These are exciting times at the Owens-Thomas House! A couple weeks ago, buildings curator Sonja Wallen and I were working on plans for the reinterpretation project on the second floor of the Owens-Thomas House Slave Quarters. While inspecting the space, we noticed evidence indicating that an additional set of stairs ascended into the attic. We quickly fetched a ladder to see what we could see. What we found changed my understanding of how the space was used in the 19th century.
The first thing we noticed as the light from our flashlights hit the space was graffiti from 1895. Who were CE Davis and JL Clark? Only more research will tell. The space also contained original wooden pegs, rafters that still contain the roman numerals used to organize construction, and whitewash on some boards.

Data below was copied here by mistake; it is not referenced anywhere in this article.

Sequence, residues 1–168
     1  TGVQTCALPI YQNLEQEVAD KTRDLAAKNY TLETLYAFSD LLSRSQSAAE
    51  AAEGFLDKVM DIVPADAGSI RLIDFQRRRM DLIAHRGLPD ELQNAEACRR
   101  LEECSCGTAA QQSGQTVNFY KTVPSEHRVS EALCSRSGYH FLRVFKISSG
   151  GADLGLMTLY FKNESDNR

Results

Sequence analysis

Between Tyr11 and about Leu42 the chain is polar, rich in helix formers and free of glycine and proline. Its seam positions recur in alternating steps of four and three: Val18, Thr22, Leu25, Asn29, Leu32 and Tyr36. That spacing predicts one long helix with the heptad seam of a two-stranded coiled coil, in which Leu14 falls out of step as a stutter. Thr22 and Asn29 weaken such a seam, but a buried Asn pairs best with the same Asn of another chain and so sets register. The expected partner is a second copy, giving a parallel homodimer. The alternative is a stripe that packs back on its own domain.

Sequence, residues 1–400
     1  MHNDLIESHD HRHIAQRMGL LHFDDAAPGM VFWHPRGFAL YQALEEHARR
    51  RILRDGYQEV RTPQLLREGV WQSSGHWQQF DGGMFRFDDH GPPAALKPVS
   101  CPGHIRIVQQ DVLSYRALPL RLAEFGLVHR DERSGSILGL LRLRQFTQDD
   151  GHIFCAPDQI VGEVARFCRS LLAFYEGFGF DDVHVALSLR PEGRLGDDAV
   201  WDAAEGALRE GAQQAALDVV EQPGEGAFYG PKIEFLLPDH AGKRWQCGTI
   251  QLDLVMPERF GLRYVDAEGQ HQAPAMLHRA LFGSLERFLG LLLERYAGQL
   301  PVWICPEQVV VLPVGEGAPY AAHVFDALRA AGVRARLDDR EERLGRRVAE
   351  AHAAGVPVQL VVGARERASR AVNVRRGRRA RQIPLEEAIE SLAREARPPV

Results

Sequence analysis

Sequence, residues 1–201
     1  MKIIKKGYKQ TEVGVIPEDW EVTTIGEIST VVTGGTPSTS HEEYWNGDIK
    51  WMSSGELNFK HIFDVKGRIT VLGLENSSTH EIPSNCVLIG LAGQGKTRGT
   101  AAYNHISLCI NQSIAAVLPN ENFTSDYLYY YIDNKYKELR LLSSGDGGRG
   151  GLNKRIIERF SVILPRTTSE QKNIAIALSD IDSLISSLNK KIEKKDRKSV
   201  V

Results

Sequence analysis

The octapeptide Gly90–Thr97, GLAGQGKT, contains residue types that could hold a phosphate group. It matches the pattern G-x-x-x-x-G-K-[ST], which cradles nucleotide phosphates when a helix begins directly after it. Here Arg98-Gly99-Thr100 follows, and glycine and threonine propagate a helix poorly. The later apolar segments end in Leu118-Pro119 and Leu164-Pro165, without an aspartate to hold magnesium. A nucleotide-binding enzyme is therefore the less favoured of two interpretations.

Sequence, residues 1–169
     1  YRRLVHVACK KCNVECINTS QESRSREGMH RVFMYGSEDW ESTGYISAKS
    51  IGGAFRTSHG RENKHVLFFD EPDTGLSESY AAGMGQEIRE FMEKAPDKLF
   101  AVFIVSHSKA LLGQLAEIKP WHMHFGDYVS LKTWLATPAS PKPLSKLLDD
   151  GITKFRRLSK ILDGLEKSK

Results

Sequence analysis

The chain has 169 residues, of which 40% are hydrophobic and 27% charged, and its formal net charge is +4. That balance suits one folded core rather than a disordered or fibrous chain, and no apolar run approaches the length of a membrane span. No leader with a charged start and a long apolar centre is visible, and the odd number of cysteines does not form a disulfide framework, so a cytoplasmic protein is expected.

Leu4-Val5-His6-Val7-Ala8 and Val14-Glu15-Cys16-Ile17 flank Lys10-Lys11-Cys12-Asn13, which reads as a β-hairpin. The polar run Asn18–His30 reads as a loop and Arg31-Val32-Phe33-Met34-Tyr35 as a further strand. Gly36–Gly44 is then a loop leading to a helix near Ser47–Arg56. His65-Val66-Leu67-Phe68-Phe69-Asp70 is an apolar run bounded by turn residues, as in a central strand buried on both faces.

The whitewash, more than anything else, indicates that this space was likely used as living quarters. The use of attic spaces as living quarters for the enslaved was quite common in Savannah in the early 19th century. In that regard, this is not groundbreaking news, but it does make us reconsider the division of space among the enslaved people who lived on this site.
More to come!
Curator of History and Decorative Arts